NPWJ, in partnership with its regional partner Kawakibi Democracy Transition Center (KADEM), and in cooperation with the Moroccan Organization for Human Rights (OMDH), the Centre d’Etudes en Droit Humains et Democratie (MARKAZ) and Freedom House, organised a ten-day meeting Rabat on 18-26 November 2007. The event was an in-depth and intensive workshop, to reinforce the transfer and learning processes of knowledge and skills concerning democracy transition in the MENA Region, to elaborate and test protocols and processes for democratic transition learning programs. Building on the positive and fruitful experience of the Doha Conference, the issue transitional justice was a central theme for discussion during the meeting. The meeting offered a venue for exploring non-violent strategies for political dialogue and democratic reform in the MENA Region and provided a follow-up to previous events organised within the framework of the MENA Democracy program in Rabat (March 2007), Doha (May 2007) and Amman (June 2007).
In the course of 2008, NPWJ focused on the reinforcement of the political contribution and support by civil society in the BMENA Region, for the elaboration of a consensual text that could represent a starting point for the political preparation of the 2009 Forum for the Future. In close cooperation with the DAD partners, NPWJ initiated a process of consultation both with civil society and governments from the Region aimed at gathering the necessary inputs and considerations for the elaboration of a consensual text.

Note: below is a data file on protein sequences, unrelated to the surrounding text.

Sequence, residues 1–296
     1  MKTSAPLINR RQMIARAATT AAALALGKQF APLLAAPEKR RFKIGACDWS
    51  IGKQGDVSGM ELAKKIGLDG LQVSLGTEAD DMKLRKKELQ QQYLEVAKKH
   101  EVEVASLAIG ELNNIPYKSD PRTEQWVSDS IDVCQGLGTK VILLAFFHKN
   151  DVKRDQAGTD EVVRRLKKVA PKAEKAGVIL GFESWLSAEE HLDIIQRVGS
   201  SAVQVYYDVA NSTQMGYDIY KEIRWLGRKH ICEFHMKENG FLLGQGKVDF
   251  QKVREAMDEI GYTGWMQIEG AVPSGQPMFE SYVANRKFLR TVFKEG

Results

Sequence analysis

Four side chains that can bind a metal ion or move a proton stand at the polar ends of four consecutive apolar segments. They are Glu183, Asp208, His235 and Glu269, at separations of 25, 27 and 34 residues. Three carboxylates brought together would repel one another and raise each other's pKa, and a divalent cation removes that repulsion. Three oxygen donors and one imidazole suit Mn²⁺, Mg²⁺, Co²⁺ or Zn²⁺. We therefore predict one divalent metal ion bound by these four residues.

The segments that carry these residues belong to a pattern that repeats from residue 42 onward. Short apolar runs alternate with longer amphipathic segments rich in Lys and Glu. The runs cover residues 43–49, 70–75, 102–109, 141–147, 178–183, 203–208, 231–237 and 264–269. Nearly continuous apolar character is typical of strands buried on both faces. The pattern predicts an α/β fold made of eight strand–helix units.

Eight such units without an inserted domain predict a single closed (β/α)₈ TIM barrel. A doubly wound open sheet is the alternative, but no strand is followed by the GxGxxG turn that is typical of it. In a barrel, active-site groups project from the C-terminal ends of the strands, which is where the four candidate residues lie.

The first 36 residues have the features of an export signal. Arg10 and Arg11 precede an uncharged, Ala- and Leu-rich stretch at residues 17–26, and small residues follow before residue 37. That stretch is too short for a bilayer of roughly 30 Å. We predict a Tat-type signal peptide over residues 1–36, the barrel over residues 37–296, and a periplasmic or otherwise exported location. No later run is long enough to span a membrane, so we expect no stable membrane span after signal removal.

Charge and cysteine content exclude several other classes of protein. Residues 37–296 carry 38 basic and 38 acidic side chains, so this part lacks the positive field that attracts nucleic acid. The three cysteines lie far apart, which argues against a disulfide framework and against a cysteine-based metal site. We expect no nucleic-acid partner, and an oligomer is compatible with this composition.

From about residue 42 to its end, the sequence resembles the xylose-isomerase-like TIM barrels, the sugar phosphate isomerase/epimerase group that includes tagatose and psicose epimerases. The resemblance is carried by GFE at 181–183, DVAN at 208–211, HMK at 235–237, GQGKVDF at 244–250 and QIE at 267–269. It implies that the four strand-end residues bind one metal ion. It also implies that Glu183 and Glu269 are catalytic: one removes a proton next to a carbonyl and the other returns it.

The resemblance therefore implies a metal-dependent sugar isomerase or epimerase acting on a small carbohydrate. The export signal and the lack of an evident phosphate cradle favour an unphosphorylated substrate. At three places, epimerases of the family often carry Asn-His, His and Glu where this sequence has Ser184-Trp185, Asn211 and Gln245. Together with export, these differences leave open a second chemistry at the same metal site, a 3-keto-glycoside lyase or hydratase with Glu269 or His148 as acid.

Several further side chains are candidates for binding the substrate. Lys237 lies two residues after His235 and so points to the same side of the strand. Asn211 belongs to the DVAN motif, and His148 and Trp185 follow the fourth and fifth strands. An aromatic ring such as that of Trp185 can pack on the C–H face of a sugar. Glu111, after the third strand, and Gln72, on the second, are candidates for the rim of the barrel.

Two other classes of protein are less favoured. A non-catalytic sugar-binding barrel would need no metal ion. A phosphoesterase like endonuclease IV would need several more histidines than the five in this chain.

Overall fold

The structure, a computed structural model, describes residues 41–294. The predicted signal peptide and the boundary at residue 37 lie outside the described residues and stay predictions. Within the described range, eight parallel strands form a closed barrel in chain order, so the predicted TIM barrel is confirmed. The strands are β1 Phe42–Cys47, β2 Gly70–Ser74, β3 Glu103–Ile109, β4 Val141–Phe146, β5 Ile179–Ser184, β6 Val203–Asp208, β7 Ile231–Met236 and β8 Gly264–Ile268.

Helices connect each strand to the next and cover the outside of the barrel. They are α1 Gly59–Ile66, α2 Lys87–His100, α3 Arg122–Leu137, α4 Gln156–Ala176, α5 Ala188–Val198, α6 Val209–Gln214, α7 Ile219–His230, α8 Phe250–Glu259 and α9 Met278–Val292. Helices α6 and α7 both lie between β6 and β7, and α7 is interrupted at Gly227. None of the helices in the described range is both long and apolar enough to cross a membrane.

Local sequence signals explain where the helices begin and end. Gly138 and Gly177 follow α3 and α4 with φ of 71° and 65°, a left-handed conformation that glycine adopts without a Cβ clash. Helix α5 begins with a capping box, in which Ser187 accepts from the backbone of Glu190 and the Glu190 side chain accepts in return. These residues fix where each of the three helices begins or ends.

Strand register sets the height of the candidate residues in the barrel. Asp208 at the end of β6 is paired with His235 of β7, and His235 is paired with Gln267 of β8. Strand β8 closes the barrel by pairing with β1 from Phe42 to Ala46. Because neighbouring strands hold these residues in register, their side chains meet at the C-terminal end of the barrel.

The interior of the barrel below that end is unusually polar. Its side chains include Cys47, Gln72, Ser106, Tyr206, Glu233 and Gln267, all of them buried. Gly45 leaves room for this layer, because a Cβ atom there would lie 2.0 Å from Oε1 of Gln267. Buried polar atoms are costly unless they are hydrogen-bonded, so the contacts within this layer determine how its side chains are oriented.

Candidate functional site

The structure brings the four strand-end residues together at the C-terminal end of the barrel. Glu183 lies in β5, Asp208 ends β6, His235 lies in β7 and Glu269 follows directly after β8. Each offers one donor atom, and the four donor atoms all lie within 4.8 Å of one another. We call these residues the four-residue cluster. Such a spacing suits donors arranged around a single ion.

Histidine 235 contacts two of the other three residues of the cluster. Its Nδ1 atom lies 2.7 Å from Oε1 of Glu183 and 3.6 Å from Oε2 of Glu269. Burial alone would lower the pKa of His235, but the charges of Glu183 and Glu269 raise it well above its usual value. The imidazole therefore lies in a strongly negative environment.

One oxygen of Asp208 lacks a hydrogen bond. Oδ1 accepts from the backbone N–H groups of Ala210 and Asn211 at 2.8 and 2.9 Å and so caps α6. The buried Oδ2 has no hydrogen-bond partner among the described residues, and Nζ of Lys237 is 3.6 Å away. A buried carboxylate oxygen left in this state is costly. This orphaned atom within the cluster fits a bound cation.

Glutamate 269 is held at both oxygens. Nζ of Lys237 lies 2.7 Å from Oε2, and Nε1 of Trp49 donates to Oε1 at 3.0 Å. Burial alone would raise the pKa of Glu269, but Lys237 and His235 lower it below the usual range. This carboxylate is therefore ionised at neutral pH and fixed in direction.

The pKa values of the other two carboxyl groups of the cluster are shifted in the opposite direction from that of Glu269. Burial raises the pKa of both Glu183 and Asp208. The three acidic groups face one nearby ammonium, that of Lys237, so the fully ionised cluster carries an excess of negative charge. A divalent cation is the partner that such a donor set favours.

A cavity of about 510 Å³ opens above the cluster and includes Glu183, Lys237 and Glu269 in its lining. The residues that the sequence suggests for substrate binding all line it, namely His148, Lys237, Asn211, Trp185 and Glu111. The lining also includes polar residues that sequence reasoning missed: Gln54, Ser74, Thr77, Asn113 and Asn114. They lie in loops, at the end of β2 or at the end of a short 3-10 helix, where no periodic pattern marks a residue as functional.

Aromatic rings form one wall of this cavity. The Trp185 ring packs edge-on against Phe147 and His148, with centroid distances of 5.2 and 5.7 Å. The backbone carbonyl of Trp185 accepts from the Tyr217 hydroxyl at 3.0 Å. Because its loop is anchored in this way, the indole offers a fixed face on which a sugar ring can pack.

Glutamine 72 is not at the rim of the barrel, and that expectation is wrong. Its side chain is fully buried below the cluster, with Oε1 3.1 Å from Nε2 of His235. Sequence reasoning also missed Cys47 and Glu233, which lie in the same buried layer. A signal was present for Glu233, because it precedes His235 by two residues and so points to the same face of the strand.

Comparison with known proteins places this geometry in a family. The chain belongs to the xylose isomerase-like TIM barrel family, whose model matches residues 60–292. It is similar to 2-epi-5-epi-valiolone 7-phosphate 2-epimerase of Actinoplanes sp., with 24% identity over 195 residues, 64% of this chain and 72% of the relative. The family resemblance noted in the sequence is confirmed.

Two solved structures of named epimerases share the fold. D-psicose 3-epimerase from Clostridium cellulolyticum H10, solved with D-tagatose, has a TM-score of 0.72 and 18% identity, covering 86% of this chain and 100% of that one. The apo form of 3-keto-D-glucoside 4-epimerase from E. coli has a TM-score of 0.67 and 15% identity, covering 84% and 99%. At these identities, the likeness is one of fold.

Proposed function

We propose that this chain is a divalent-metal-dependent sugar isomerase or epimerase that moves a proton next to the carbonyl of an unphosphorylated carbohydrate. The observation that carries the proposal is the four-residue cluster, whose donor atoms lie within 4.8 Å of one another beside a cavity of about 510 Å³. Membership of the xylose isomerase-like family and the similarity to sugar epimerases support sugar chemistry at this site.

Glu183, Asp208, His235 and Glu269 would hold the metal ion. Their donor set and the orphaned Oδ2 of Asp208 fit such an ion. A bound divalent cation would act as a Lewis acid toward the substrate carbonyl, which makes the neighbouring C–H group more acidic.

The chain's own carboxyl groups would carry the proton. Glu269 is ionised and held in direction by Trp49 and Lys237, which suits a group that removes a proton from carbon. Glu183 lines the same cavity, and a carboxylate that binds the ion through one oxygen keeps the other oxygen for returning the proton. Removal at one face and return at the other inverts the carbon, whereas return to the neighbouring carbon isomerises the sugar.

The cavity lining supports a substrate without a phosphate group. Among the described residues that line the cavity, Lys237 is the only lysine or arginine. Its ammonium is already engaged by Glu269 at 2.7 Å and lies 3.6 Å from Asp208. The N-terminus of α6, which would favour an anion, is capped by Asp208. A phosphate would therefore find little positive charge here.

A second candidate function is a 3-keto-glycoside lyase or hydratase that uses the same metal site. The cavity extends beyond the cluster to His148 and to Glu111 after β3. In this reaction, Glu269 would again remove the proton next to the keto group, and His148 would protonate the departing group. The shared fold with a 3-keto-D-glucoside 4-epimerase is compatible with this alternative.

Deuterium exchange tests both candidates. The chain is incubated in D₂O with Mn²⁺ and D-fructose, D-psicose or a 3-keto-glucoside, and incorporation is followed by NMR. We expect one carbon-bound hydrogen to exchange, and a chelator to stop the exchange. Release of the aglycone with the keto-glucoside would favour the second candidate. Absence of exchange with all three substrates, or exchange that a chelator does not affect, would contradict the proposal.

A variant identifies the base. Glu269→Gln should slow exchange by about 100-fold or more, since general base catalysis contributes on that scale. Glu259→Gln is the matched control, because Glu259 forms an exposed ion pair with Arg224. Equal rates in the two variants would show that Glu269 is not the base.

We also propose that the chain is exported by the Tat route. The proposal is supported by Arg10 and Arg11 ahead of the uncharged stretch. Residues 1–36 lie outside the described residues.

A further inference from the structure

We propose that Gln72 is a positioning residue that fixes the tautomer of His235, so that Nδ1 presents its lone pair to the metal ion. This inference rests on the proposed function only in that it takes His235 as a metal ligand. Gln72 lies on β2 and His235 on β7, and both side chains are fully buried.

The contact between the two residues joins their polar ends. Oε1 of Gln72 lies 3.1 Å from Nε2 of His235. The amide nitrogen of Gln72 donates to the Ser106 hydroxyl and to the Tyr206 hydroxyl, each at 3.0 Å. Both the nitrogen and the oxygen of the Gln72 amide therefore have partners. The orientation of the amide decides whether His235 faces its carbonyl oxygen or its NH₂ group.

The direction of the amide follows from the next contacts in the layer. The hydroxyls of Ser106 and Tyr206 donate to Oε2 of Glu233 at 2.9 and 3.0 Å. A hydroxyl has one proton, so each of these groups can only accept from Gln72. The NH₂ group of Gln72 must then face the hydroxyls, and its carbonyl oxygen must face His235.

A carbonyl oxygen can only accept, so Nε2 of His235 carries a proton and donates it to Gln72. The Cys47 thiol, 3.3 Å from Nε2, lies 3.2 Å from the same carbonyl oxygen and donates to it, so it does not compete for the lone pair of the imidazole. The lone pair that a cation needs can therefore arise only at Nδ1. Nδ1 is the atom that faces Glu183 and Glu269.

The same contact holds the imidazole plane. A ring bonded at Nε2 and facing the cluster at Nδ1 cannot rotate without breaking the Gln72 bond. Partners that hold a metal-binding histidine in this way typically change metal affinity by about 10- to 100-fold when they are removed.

The results of this first phase were presented by NPWJ during the Sub-Ministerial of the Forum for the Future held in Dubai on 9 June 2008, during which NPWJ received the mandate from the Governments of Japan and the UAE (the co-chairs of the Forum for the Future 2008) to elaborate the text further, engaging all delegations, both from the government and the civil society sides, in the elaboration of a compromise text. During the month of July, NPWJ acted as focal point for collecting amendments and proposals from all Forum for the Future’s delegations, elaborating a compromise document, and reinforcing the support by civil society of the Region.